April 1998 - Prior to the revolution of December 1989, communist-controlled Romanian Radio and Television was the country's only broadcasting station. The government's incessant quest to save energy limited TV programming to two hours a day, from 8:00 to 10:00 pm. Day in and day out, the program began with a newscast on the activities of Nicolae Ceausescu, the president of Romania, and his wife, Elena. Had he done something important, this would be the only news that day. The first item to be sacrificed in this case was the international news. Sometimes the entire newscast or even the entire program was dedicated to Ceausescu's "extraordinary deeds and brilliant speeches." more

10. The Dynamics of Dependency

Jul 07, 2011
This paper analyzes the dynamics of dependency in Eastern Europe in the broader context of the ontology of socialism. The East European states' dependence on the Soviet Union since World War II, varying as it has in both content and form over time and from country to country, is so closely connected to the genesis of socialism in Eastern Europe that it should be regarded as an essential element in the ontoloqy of socialism in this region. more

239. Loyalty Amidst Treachery: Austrian-Hungarian Relations, 1955-1956

Jul 07, 2011
October 2001- During October 1956, Hungarians reached out to join the West and found that, by intent and purpose, they were alone. Even the international community appeared to have abandoned their call for freedom. By the second invasion of the Red Army on November 4, the Hungarians seemed to stand alone, refugees in their own country. Yet throughout the fight, the Austrians remained loyal to their historic neighbors and the ideals that drove the uprising. more

30. Czechs and Germans: Yesterday and Today

Jul 07, 2011
The question the author here asks is: if President Havel has been able to overcome the traditional Czech stereotyping of the Germans, is the same true of the bulk of his compatriots, especially those bearing bitter memories of the last world war? While the majority of the Czechs may have accepted Havel's hopeful message about a united democratic Germany, whose territorial limits were irrelevant, they were much more reluctant to accept his apology for the expulsion of the Sudeten Germans. Havel's two statements opened a Pandora's box containing many taboos about the Czech-German relationship of which most Czechs preferred not to be reminded. Several questions about this relationship require elaboration. more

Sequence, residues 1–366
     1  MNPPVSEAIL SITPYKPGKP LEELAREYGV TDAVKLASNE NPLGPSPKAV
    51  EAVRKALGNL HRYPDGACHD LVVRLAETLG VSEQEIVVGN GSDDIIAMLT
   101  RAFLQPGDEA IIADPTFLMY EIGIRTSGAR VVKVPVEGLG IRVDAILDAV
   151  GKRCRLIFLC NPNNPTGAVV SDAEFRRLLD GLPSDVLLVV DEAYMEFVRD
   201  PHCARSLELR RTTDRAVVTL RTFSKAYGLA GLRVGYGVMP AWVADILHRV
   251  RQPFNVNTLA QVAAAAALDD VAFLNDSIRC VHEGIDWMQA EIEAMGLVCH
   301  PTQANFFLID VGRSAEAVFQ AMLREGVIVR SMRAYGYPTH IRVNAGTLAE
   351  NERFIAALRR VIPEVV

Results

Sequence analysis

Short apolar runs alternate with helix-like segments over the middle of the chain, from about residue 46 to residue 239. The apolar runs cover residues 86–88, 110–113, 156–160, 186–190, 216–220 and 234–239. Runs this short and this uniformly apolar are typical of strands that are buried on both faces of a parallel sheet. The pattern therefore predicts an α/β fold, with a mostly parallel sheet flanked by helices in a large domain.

278. A Reputation Tarnished: New Perspectives on Interwar Czechoslovakia

Jul 07, 2011
March 2003 - The collapse of the Communist regime in Czechoslovakia had many wonderful consequences. For historians it has meant that so many archives that were once closed to us have been open for more than a decade. As a result, those who write about Czech and Czechoslovak history now have unprecedented access to sources and have had ten-plus years to poke around and to consider what we have found very carefully. At the same time, a new generation of historians interested in Czech, Slovak and Czechoslovak history has appeared, both in Europe and in North America. In North America alone, there are now quite literally dozens of historians who have taken up Czech, Slovak and Czechoslovak history since the mid-1980s and this generation has benefited tremendously from the opening of the archives. The intersection of these two events has meant that much that was once unavailable as a subject of historical study is now at the center of the research programs of many talented historians. more

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Dialogue

The Future of Higher Education

Mar 26, 2014Apr 02, 2014

Jeff Abernathy and Richard Morrill discuss how colleges and universities are dealing with rapidly rising costs and how the United States can still compete for students in a globalized environment.